Capes were once quite common among superheroes. However, they have fallen out of favor in recent years because of a string of high profile fatalities, as shown in the groundbreaking documentary The Incredibles.
The dictionary defines a cape as "a piece of land jutting into the sea or some other large body of water." From this, we can see how important capes are in the world of super heroics.
The first superhero to wear a cape was probably either the Shadow or Zorro, depending on which one was published first. We want to say Zorro, but we're simply not sure. It's times like this that we really lament the absence of a massive knowledge database that can be accessed free of charge and takes advantage of the pooled knowledge of its users.
There are some people who would argue that neither Zorro or the Shadow count as superheroes anyway. These people clearly aren't familiar with the Davey-Mitchell Standardized Superhero Determination Test (DMSSDT), which can determine whether any fictional character is actually a superhero. The essential part of the test is reproduced below.
1. Are you dressed like an idiot?
2. Do you insist people call you by a stupid name that you made up?
3. Do you have freaky powers or lots of money or big muscles?
From this, we can see that the Shadow and Zorro are clearly superheroes, as are Elvis Presley, Michael Jackson and The Situation from Jersey Shore.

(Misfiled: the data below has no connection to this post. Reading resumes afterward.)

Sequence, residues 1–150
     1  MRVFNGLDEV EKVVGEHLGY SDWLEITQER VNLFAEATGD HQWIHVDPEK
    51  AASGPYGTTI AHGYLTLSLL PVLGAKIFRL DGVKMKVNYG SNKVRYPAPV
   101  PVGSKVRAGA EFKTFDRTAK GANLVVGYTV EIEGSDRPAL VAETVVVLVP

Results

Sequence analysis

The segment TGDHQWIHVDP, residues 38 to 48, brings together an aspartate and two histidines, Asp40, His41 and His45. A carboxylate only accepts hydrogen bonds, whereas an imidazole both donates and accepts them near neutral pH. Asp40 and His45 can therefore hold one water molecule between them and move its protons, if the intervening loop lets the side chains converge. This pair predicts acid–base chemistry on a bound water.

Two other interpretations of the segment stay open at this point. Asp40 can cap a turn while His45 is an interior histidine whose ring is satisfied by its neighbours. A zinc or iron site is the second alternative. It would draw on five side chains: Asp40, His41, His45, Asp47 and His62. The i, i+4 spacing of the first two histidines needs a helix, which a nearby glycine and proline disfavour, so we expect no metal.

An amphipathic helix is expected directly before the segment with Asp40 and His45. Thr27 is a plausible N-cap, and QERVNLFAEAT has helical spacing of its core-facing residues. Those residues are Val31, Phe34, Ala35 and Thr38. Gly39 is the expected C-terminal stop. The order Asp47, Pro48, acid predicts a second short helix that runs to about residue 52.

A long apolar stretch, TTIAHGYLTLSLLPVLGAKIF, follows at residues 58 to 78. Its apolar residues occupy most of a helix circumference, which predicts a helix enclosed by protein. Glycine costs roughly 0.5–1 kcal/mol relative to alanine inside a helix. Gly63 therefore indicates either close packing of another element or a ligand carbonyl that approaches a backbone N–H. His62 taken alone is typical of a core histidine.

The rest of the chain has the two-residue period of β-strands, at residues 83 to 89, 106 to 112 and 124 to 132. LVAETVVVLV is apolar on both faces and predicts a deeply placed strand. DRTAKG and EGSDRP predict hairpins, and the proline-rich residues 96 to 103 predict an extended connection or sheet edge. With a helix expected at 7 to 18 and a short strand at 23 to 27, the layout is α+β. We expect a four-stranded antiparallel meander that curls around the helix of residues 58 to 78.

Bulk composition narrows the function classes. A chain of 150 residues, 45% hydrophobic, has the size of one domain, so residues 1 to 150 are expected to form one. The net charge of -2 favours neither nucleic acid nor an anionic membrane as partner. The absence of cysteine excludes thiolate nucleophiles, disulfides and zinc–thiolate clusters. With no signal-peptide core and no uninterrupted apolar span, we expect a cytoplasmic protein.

The first superheroes to make appearances in comic books were Superman and Batman, both of whom wore capes. A rash of imitators soon followed, but we're going to ignore them entirely and pretend they never existed. Therefore, the next superhero to be created was the Flash, who wasn't given a cape. Presumably this was because the writers were afraid he would trip on it. However, some scholars believe it's because the artists figured they had already done enough to make him look like an idiot, what with giving him the world's most ridiculous hat.
Little known fact: The Flash originally developed super-speed to escape cruel taunts regarding his helmet.
After the Flash came Wonder Woman. She didn't have a cape either, as it would have at least partially obscured the view of her ass.
This wasn't so important by the 1970s, as TV allows for jiggling.
The next major hero from DC Comics was Green Lantern, who had a cape. The thinking at DC Comics in those days seems to have been "flying = cape". Meanwhile, the company that would one day become Marvel Comics didn't make this conceptual leap, instead choosing to make characters fly by setting them on fire or gluing ridiculous looking wings to their ankles.
Capes have garnered a reputation for being dangerous in recent years. This probably started with Watchmen, where a character gets his cape caught in a revolving door and is brutally murdered. The blockbuster hit film The Incredibles developed this theme in considerably more detail, essentially sending the message that capes invariably destroy the hero. This is kind of weird when we actually stop to think about it. Another character in Watchmen is murdered for being a lesbian, and Disney and Pixar haven't said shit about that.